tions of the system of expense as you shall think These views, however, of reducing our burdens, proper to adopt. are formed on the expectation that a sensible, and at A statement has been formed by the Secretary of the same time a salutary, reduction may take place in War, on mature consideration, of all the posts and our habitual expenditures. For this purpose those of the stations where garrisons will be expedient, and of the civil government, the army, and navy, will need revisal. number of men requisite for each garrison. The whole When we consider that this Government is charged amount is considerably short of the present Military with the external and mutual relations only of these Establishment. For the surplus no particular use can States; that the States themselves have principal care be pointed out. For defence against invasion their of our persons, our property, and our reputation, consti- number is as nothing ; nor is it conceived needful or tuting the great field of human concerns, we may well safe that a standing army should be kept up in time of doubt whether our organization is not too complicated, peace, for that purpose. Uncertain as we must ever too expensive ; whether offices and officers have not been be of the particular point in our circumference where multiplied unnecessarily, and sometimes injuriously to an enemy may choose to invade us, the only force the service they were meant to promote. I will cause to which can be ready at every point, and competent to be laid before you an essay towards a statement of those oppose them, is the body of neighboring citizens, as who, under publicemployment of various kinds, draw mo- formed into a militia. On these, collected from the ney from the Treasury, or from our citizens. Time has parts most convenient, in numbers proportioned to the not permitted a perfect enumeration, the ramifications of invading force, it is best to rely, not only to meet the office being too multiplied and remote to be completely first attack, but, if it threatens to be permanent, to traced in a first trial. Among those who are dependent maintain the defence until regulars may be engaged to on Executive discretion, I have begun the reduction of relieve them. These considerations render it importwhat was deemed unnecessary. The expenses of di- ant that we should, at every session, continue to amend plomatic agency have been considerably diminished. the defects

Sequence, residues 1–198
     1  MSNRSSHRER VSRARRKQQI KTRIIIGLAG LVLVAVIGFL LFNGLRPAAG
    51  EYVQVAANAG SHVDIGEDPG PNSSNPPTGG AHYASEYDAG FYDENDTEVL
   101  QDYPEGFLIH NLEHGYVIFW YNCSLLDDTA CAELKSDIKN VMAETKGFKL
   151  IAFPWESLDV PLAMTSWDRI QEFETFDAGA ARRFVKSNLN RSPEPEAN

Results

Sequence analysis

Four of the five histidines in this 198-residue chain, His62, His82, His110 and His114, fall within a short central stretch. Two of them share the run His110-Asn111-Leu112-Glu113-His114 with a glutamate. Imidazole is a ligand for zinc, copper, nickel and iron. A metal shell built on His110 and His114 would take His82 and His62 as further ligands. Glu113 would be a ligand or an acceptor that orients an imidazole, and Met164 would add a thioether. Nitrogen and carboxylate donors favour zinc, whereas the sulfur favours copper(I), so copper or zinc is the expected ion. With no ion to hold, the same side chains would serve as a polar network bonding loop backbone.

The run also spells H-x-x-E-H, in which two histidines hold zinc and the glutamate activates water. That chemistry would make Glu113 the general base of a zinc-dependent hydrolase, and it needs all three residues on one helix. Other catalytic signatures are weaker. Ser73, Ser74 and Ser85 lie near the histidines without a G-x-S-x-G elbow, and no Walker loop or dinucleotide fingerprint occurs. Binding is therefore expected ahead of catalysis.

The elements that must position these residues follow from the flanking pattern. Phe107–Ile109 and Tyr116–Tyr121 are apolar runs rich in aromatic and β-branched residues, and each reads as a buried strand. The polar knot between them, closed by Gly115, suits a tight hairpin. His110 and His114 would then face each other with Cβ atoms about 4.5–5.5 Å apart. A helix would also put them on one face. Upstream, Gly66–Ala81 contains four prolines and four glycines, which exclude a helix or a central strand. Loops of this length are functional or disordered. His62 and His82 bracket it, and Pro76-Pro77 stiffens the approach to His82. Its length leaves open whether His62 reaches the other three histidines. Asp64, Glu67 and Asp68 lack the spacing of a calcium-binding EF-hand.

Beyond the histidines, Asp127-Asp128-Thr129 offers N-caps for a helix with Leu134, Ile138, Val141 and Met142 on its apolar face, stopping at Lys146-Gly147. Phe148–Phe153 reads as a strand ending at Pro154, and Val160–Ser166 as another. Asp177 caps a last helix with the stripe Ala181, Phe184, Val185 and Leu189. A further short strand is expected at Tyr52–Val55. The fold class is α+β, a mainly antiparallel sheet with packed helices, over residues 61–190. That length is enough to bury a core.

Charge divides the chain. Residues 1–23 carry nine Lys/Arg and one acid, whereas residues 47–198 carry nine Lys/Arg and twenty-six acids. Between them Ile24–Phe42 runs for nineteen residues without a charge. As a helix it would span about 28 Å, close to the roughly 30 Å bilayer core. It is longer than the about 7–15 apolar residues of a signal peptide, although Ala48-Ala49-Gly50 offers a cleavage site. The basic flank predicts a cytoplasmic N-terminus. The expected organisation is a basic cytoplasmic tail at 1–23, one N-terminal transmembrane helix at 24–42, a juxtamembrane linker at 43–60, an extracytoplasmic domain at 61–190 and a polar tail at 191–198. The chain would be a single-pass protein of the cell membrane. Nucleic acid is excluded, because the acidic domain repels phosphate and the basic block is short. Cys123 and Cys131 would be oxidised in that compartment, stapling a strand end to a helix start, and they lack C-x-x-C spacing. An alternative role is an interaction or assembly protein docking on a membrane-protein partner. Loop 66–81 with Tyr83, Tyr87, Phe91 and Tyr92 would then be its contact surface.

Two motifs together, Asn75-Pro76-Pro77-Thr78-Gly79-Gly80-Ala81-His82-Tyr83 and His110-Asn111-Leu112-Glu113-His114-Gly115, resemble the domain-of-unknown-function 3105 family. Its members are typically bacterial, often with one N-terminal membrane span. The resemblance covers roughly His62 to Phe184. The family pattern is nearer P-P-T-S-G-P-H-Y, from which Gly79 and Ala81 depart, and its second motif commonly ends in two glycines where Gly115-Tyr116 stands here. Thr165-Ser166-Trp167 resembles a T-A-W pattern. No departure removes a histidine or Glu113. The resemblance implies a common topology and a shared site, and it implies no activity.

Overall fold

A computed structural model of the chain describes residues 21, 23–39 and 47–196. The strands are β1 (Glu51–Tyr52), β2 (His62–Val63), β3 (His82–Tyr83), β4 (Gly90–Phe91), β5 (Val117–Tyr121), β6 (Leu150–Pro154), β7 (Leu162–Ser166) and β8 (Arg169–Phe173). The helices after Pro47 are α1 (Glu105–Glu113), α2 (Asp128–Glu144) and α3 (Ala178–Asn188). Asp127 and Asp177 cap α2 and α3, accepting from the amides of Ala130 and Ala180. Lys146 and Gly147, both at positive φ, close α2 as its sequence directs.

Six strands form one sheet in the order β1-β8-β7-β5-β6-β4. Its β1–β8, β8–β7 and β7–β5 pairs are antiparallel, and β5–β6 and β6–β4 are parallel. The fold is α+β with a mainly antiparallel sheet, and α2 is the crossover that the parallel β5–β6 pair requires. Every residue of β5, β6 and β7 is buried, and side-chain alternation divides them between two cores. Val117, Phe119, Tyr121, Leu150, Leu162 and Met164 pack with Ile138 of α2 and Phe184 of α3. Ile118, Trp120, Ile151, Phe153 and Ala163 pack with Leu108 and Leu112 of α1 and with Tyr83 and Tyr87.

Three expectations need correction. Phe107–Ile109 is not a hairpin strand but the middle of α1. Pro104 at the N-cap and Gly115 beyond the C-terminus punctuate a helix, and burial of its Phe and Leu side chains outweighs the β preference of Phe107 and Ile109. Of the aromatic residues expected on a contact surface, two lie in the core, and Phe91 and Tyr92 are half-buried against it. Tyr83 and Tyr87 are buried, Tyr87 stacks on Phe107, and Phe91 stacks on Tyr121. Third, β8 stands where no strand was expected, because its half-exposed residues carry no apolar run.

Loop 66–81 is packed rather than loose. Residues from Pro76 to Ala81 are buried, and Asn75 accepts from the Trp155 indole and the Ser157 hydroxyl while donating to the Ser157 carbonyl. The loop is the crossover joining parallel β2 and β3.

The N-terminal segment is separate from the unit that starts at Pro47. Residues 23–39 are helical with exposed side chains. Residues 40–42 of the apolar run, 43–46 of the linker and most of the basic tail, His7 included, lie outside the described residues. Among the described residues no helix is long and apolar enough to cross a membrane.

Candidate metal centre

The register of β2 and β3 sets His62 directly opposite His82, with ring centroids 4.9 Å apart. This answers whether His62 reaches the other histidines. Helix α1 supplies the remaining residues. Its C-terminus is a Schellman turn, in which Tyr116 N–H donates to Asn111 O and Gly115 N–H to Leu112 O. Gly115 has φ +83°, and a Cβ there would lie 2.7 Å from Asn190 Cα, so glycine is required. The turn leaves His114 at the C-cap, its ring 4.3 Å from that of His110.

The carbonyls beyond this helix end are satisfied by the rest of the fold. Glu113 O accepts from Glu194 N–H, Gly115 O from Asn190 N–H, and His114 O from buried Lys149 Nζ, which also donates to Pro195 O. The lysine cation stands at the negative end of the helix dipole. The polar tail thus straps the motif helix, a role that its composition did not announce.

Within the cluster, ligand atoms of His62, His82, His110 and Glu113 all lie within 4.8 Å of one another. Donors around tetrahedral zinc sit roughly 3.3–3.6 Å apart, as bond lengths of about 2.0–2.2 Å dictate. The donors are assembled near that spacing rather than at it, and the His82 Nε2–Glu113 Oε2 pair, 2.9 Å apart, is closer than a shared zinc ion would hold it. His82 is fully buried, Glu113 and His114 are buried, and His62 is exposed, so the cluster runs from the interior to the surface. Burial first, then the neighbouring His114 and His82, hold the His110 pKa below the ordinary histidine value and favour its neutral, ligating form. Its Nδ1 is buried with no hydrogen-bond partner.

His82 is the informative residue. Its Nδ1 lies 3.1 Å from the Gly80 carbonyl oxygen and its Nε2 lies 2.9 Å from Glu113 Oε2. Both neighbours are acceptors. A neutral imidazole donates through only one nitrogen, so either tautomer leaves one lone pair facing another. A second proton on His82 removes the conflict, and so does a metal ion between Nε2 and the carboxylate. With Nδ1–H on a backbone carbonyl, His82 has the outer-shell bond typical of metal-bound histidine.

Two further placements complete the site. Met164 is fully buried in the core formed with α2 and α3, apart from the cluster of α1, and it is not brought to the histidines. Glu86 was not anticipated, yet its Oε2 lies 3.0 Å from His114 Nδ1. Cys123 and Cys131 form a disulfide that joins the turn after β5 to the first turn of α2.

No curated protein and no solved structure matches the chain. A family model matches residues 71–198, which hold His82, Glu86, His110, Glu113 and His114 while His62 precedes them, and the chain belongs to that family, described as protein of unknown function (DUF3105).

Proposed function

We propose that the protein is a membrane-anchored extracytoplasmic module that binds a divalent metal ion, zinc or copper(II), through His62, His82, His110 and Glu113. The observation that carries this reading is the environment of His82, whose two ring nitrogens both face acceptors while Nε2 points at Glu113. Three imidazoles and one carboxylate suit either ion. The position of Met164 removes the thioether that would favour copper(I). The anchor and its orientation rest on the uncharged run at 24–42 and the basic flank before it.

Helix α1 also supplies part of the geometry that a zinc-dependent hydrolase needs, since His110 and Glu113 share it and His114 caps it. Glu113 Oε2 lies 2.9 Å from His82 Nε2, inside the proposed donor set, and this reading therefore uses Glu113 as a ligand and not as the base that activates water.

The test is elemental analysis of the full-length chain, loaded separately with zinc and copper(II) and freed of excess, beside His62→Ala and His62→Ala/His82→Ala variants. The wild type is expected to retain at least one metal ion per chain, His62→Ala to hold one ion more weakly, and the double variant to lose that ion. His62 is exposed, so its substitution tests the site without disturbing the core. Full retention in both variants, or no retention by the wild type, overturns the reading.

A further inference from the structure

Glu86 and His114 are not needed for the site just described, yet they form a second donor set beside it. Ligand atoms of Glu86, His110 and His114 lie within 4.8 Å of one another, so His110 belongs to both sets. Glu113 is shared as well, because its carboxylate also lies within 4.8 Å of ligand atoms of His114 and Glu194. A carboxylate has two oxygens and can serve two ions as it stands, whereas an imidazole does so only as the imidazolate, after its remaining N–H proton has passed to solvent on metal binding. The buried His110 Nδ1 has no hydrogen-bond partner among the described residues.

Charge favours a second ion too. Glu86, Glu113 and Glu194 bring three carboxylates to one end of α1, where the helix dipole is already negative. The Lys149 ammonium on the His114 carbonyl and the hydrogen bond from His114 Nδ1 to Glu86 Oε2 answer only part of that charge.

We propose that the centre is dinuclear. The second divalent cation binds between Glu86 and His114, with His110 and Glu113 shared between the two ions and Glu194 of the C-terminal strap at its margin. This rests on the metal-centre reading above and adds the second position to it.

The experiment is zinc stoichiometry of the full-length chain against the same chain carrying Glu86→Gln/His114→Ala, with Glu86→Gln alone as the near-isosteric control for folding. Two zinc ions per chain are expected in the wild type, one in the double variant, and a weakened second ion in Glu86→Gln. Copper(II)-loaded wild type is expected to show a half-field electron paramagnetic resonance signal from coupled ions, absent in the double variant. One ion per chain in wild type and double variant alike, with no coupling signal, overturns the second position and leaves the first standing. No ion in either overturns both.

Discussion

which from time to time show themselves in The inspectors of internal revenue, who were found the laws for regulating the militia, until they are suffito obstruct the accountability of the institution, have ciently perfect: nor should we now, or at any time, been discontinued. Several agencies, created by Ex- separate, until we can say that we have done everycutive authority, on salaries fixed by that also, have thing for the militia which we could do were an enemy been suppressed, and should suggest the expediency of at our door. regulating that power by law, so as to subject its exer- The provision of military stores on hand will be laid cise to legislative inspection and sanction. Other re- before you, that you may judge of the additions still formations of the same kind will be pursued with that requisite. caution which is requisite, in removing useless things, With respect to the extent to which our naval prepa

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SENATE.

President's Message.

DECEMBER, 1801.

rations should be carried, some difference of opinion that they may be able to judge of the proportion which may be expected to appear; but just attention to the the institution bears to the business it has to perform, I circumstances of every part of the Union will doubt- have caused to be procured from the several States, and less reconcile all. A small force will probably continue now lay before Congress, an exact statement of all the to be wanted for actual service in the Mediterranean. causes decided since the first establishment of the courts, Whatever annual sum beyond that you may think and of those which were depending when additional proper to appropriate to naval preparations, would per- courts and judges were brought in to their aid. haps be better employed in providing those articles And while on the Judiciary organization, it will be which may be kept without waste or consumption, and worthy of your consideration whether the protection of be in readiness when any exigence calls them into use. the inestimable institution of juries has been extended Progress has been made, as will appear by papers now to all the cases involving the security of our persons communicated, in providing materials for seventy-four and property. Their impartial selection also being esgun ships, as directed by law.